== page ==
The Story of O
Part of the immune system is adaptive, an assortment of receptors that cover the surface of white blood cells. Some of these receptors are antibodies, which recognize and bind to pathogens. To actually destroy them, to disrupt bacterial membranes or initiate ingestion, immunologists thought that antibodies had to signal other parts of the system.
In the past three years, Scripps Research Institute chemists and biochemists have dramatically revised this picture. Richard Lerner, Albert Eschenmoser and Paul Wentworth, Jr., collaborating with several groups, first discovered that all antibodies could produce hydrogen peroxide. More recently, they have found that antibodies appear to catalyze the generation of ozone! The overall reaction (unbalanced, and obscuring many intermediate steps) is
H2O + 1O2 H2O3 O3 + H2O2 + O2
This reaction includes many of oxygen's protean molecular manifestations: Aside from the familiar water, hydrogen peroxide, excited singlet and normal ground state oxygen, it contains the unusual HOOOH molecule. Dihydrogen-trioxide was proposed more than 60 years ago, but direct proof for its existence has trickled in over the last 30 years. There is also a possible role for the HOOO● radical, not shown in the equation, which in turn may be a masked ●OH. All are reactive molecules, as shown by their short half-lives in water: around 1 minute for ozone, 20 milliseconds for HOOOH and 1 microsecond for 1O2.
The narrative of discovery that details the unraveling dogma is fascinating. Initial observations of H2O2 production in the presence of antibodies were startling enough. But as the Scripps group thought about what they saw, so much H2O2 was being produced that it became an enigma where all the electrons come from. The problem was resolved when the researchers realized that two molecules of singlet oxygen could react with water to give HOOOH, which could then go on to form ozone and hydrogen peroxide. A simple experiment ran the process in 18O-labeled water and showed that the label wound up in the H2O2; this result immediately supported the hypothesis. Albert Eschenmoser says:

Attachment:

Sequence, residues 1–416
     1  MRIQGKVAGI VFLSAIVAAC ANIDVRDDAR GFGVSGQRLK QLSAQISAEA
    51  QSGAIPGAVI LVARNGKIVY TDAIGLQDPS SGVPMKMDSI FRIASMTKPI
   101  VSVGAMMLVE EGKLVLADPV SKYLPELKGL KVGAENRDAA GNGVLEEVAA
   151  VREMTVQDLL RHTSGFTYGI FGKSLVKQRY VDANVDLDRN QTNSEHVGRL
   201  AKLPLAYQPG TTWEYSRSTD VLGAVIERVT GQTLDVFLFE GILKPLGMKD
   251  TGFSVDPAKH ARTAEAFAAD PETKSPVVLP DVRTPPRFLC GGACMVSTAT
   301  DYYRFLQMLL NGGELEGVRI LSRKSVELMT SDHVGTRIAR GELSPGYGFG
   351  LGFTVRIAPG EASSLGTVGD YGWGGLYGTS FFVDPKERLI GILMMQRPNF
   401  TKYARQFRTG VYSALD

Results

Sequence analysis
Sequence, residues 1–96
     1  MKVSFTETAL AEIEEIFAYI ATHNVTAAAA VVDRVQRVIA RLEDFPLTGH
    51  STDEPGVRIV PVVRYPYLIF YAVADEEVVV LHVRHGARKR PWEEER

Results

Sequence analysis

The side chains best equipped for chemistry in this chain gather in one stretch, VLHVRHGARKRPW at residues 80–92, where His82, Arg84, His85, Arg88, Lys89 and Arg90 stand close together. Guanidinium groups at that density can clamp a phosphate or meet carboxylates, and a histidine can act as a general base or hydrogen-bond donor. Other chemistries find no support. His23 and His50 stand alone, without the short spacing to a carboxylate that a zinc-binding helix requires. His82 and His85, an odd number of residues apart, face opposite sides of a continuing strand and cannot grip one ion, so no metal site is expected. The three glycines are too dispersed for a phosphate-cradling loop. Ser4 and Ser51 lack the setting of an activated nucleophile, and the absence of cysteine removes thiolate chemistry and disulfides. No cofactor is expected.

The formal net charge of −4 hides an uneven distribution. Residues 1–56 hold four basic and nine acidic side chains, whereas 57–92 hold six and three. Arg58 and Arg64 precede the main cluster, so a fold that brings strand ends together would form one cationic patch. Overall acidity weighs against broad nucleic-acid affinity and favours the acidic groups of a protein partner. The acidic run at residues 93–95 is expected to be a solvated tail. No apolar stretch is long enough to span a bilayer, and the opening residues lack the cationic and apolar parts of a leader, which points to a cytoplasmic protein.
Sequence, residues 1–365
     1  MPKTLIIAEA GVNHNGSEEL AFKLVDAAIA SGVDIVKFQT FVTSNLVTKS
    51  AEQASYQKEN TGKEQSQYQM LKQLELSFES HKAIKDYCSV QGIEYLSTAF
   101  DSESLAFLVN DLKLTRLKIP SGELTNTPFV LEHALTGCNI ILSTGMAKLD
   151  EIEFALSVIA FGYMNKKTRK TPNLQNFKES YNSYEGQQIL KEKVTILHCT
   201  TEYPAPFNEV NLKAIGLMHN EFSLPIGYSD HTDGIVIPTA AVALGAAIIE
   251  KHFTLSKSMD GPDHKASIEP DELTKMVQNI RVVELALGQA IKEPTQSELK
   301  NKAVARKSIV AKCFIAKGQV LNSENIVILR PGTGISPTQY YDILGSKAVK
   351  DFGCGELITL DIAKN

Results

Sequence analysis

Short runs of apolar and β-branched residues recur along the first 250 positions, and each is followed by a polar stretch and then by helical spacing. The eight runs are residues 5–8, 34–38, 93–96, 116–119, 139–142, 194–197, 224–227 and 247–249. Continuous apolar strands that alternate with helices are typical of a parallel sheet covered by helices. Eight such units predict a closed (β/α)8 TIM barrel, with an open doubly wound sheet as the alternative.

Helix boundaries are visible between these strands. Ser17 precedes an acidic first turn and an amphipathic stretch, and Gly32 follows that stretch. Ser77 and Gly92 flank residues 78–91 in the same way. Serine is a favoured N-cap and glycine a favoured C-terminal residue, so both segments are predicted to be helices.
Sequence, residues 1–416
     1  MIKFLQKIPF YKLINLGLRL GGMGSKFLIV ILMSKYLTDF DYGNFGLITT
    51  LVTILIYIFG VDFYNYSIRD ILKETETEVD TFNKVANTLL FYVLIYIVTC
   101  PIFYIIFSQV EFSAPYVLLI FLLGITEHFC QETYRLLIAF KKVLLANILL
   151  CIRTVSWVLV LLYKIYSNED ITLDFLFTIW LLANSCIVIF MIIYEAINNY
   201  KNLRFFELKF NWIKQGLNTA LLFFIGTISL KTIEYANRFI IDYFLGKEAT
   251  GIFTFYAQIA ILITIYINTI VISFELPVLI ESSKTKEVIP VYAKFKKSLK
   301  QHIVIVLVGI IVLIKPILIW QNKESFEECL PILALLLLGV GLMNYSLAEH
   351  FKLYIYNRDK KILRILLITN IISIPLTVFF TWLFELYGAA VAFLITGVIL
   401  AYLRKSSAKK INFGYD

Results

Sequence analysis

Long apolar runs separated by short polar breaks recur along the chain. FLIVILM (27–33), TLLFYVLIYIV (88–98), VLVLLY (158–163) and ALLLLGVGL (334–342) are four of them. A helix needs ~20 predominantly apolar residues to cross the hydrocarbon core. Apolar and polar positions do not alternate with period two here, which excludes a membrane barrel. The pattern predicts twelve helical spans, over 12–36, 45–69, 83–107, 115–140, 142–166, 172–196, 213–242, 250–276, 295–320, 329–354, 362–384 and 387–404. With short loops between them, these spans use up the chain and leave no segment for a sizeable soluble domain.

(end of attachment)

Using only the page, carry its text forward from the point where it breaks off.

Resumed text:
The situation is reminiscent of photosynthesis when it started to use water as an electron donor and then began to poison the environment. It is "burning water," in one case by excitation of a cofactor by light, and in the other case by singlet oxygen mediated by an antibody.
And where does the singlet oxygen, the energy source, come from? Certain white blood cells produce it when stimulated by infection. In the tight economy of the cell (Lavoisier, the banker, would have loved this), everything is utilized.
Recent work from the same imaginative collective has shown that atherosclerotic plaques also generate ozone. That ozone attacks cholesterol and the consequent oxidation products are all-around bad actors, implicated in cytotoxicity and mutagenesis.
This seemingly unorthodox chemistry has been with us (albeit unknowingly) for years. There is an old, potent oxidation system used to cleanse industrial quantities of soil and water contaminated with PCBs and worse, the peroxone process. In it, the samples are treated with a synergistic mixture of O3 and H2O2. In another cross-disciplinary study, the Scripps group, in collaboration with theoretician William A. Goddard, III, at California Institute of Technology, has shown that the peroxone process involves the same H2O3 molecule.